thromboembolism


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Related to thromboembolism: pulmonary thromboembolism

thromboembolism

 [throm″bo-em´bo-lizm]
obstruction of a blood vessel with thrombotic material carried by the blood from the site of origin to plug another vessel.

throm·bo·em·bo·lism

(throm'bō-em'bŏ-lizm),
Embolism from a thrombus.
[thrombo- + G. embolismos, embolism]

thromboembolism

/throm·bo·em·bo·lism/ (-em´bo-lizm) obstruction of a blood vessel with thrombotic material carried by the blood from the site of origin to plug another vessel.

thromboembolism

(thrŏm′bō-ĕm′bə-lĭz′əm)
n.
The blocking of a blood vessel by a blood clot dislodged from its site of origin.

throm′bo·em·bol′ic (-ĕm-bŏl′ĭk) adj.

thromboembolism

[-em′bəliz′əm]
Etymology: Gk, thrombos + embolos, plug
a condition in which a blood vessel is obstructed by a blood clot (thrombus) carried in the bloodstream from its site of formation. The area supplied by an obstructed artery may tingle and become cold, numb, and cyanotic. Treatment includes quiet bed rest, warm wet packs, and anticoagulants to prevent the formation of additional thrombi. Embolectomy may be indicated, especially if the aorta or common iliac artery is obstructed. A thromboembolus in the lungs causes a sudden, sharp thoracic or upper abdominal pain, dyspnea, cough, fever, anxiety, hemoptysis, and associated electrocardiogram changes. Obstruction of the pulmonary artery or one of its main branches may be fatal. Thromboemboli are diagnosed by x-ray films, CT pulmonary angiograms, and other radiological techniques, including lung scans and angiography.

throm·bo·em·bo·lism

(throm'bō-em'bŏ-lizm)
Embolism from a thrombus.
[thrombo- + G. embolismos, embolism]

thromboembolism

An EMBOLISM caused by a dislodged THROMBUS.

Thromboembolism

A clot in the blood that forms and blocks a blood vessel. It can lead to infarction, or death of the surrounding tissue due to lack of blood supply.
Mentioned in: Splenectomy

throm·bo·em·bo·lism

(throm'bō-em'bŏ-lizm)
Embolism from a thrombus.
[thrombo- + G. embolismos, embolism]

thromboembolism

the lesion created by a thromboembolus. The exact form of the disease depends on the location of the thromboembolism, e.g. aortic, iliac, intestinal, pulmonary.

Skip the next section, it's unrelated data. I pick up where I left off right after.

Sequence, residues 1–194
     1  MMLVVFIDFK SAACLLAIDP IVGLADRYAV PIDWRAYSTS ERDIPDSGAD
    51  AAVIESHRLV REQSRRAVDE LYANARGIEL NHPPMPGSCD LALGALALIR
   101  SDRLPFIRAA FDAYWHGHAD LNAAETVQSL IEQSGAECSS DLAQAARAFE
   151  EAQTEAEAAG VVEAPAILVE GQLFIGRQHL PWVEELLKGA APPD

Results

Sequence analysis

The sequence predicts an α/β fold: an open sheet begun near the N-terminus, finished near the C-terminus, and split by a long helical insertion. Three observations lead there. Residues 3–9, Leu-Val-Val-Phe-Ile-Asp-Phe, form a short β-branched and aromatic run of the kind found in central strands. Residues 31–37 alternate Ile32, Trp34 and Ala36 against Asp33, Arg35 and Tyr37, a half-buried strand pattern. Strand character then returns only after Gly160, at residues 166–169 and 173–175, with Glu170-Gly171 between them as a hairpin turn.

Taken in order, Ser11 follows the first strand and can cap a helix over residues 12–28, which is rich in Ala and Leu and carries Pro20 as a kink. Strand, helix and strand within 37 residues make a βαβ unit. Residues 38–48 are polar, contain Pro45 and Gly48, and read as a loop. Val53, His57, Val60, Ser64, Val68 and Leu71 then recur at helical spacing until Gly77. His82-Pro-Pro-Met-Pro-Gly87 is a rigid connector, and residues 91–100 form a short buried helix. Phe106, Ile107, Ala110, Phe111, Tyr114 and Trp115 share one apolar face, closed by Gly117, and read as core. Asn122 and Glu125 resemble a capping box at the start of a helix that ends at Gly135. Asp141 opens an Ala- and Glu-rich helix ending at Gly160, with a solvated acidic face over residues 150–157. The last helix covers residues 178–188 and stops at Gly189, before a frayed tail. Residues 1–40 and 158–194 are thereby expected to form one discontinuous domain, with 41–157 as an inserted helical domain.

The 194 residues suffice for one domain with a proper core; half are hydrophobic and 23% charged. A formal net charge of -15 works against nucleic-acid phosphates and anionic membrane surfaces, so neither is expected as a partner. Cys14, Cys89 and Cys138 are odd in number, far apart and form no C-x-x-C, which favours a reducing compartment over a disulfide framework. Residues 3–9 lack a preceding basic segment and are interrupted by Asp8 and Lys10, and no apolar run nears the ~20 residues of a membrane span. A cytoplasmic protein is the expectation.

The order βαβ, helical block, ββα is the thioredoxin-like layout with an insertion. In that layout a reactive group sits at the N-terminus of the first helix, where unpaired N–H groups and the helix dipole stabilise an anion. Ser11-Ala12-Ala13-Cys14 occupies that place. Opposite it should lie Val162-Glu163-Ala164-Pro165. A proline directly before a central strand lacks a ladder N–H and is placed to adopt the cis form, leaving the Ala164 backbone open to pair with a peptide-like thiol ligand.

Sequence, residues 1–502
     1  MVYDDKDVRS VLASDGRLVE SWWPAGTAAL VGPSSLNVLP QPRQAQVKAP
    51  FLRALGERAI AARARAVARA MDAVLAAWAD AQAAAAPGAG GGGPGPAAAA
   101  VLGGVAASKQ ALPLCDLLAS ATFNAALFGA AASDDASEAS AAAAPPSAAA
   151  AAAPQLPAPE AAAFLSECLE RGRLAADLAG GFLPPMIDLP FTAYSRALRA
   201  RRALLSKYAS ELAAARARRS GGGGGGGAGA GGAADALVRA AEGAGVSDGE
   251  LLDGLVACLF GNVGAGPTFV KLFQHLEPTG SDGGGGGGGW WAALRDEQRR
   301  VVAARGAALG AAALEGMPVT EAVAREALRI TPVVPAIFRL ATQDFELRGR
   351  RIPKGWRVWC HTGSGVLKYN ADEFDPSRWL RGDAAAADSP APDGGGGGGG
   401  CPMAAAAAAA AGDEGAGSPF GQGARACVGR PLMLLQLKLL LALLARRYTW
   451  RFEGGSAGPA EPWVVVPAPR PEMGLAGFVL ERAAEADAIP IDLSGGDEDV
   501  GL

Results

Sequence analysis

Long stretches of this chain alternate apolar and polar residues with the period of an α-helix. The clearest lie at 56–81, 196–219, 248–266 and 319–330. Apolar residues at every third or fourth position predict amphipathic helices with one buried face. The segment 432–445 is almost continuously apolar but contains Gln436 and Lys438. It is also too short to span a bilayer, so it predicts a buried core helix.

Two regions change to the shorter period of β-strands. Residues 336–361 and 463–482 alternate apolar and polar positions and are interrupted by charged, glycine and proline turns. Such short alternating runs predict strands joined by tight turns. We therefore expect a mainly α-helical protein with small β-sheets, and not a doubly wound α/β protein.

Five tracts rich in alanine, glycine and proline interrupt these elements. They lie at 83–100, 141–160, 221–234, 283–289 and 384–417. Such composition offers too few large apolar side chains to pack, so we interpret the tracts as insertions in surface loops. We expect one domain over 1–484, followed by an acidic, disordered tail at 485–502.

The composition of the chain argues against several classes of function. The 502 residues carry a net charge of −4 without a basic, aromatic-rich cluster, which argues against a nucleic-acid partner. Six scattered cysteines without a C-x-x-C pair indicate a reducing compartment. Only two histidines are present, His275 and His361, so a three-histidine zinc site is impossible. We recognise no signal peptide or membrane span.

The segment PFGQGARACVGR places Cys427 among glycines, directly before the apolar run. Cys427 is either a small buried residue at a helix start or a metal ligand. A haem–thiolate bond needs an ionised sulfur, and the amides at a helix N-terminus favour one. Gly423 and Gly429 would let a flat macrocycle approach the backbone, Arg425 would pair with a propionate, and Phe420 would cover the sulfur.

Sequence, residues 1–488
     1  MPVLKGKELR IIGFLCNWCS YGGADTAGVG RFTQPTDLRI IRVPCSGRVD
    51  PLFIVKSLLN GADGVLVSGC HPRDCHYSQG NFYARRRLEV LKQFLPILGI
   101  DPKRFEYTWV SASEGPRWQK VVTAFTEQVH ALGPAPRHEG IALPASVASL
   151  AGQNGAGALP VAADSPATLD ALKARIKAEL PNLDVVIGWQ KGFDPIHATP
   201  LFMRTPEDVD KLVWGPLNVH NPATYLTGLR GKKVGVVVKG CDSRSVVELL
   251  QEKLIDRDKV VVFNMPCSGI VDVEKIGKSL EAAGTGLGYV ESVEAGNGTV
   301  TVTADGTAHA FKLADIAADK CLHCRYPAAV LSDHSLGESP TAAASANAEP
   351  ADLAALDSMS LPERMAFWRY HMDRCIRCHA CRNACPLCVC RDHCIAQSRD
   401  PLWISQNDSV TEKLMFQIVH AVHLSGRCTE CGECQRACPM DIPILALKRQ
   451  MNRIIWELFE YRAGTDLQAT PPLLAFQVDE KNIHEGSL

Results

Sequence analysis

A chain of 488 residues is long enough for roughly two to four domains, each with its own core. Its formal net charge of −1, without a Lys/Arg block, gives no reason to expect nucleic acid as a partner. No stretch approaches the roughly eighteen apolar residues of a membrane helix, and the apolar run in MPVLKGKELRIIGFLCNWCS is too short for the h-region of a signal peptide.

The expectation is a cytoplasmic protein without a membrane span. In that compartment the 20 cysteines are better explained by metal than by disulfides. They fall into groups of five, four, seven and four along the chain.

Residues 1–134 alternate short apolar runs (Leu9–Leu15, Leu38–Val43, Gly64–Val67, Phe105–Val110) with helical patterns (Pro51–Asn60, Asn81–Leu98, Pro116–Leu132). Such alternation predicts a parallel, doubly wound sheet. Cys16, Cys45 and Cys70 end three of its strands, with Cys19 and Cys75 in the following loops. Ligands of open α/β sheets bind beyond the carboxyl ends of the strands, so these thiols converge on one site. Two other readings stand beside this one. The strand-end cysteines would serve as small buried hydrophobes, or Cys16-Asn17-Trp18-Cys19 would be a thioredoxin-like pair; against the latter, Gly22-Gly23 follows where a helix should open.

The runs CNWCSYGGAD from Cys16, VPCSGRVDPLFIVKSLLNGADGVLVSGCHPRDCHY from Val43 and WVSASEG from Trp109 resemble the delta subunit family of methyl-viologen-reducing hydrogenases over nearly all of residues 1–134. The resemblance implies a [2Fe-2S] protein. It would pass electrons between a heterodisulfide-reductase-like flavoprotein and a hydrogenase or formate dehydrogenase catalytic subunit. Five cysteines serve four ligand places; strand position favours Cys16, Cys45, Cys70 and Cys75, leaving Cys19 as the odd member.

References in periodicals archive ?
The aim of our study was to determine the frequency of prothrombin gene mutation in patients of venous thromboembolism and to study its association with different sites and episodes of thrombosis.
Similarly 3 out of 14, 1 out of 20 and 0 out of 68 patients had pulmonary thromboembolism in the categories of high, moderate and low risk respectively as per the Well's clinical criteria.
The guideline of “establishment of venous thromboembolism prevention system within hospitals” was published by Chinese Medical Association in 2012.
Incidence rates, clinical profile, and outcomes of patients with venous thromboembolism.
The response component proposes a thromboembolism risk assessment at the first prenatal visit, followed by the use of standardized recommendations for mechanical thromboprophylaxis, dosing of prophylactic and therapeutic pharmacologic anticoagulation, and appropriate timing of pharmacologic prophylaxis with neuraxial anesthesia.
Of 82 431 individuals examined from November 2003 through July 2012, we excluded 1914 with a diagnosis of venous thromboembolism before the examination date, leaving 80 517 individuals for analyses.
7 Venous thromboembolism due to FVL is usually considered the disease of West especially in Europe and it is considered almost nil in Asians but recent research showing different results.
But the strong support comes by comparing the bleeding times in early having Low estrogen16 and late having high estrogen 16follicular phases of menstrual cycle of normal healthy females rejecting the hypothesis that risk of thromboembolism should be increased during the phase of menstrual cycle in which body has relatively high estrogen.
The report reviews key players involved in the therapeutics development for Thromboembolism and enlists all their major and minor projects
Overall, any use of combined oral contraceptives resulted in a three times increased risk for venous thromboembolism, compared with no use in the past year.
Studies of relevance to the subject included anti-embolism stockings and venous thromboembolism prevention, patient knowledge concerning venous thromboembolism prevention, nurse and patient education concerning sequential compression device compliance, and nursing adherence to best practice in mechanical venous thromboembolism prevention.